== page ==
Up to the last sentence, the conclusion is not surprising and, as far as I know, the generally accepted view on this issue everywhere.  But the last sentence (the duty to withdraw) only makes sense in jurisdictions that hold that an attorney hired by a person to represent another actually has two clients.  In jurisdictions where the attorney in such circumstances only has one client (the insured, in this example), there should be no duty to withdraw. 

Also, as pointed out by Faughnan on Ethics, what happens when the attorney in California withdraws and a new attorney is appointed to the representation of the insured.  The same thing will happen again, and that new attorney will have to withdraw.

You can read the opinion here.

Friday, August 18, 2017

Florida Bar to consider whether it is ethical to participate in Avvo Legal Services

A few days ago, I reported that the NY state bar association issued an opinion holding it would be unethical to participate in Avvo Legal Services. See here.  Now comes news that the Florida Bar’s Board of Governors has decided to prepare an advisory opinion on whether lawyers could participate with a private lawyer referral service which charges a different set fee depending upon the type of case referred.  Without mentioning it, of course, this description refers to the Avvo Legal Services scheme which has now been rejected in every ethics opinion that has considered the question.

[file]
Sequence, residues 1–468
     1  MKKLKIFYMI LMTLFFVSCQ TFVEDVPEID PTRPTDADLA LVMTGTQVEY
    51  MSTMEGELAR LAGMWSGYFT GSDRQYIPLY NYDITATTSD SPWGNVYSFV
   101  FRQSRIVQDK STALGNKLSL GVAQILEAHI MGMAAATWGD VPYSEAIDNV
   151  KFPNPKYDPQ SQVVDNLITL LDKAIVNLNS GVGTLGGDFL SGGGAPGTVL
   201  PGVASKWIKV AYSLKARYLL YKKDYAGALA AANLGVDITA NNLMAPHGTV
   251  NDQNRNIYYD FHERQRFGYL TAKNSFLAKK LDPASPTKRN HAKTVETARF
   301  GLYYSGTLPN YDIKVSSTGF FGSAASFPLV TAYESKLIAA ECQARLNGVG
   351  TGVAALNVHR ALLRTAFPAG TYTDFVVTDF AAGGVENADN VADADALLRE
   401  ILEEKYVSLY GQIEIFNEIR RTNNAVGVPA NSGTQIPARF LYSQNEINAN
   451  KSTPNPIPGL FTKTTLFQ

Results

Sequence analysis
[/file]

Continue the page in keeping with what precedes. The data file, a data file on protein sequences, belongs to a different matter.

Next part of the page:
The Florida Bar has in the past attempted to change the state rules to allow lawyers to participate in private referral services, but the Florida Supreme Court rejected the idea.  In fact, it published an opinion on September 24, 2015 which instructed the Bar to draft rules that “preclude Florida lawyers from accepting referrals from any lawyer referral service that is not owned or operated by a member of the Bar.”  Given this background it will be interesting to see if the Board of Governors attempts to revise its position or follows the lead of the Court.  For more on the news from Florida go here.

For some of my previous posts on Avvo go here and scroll down.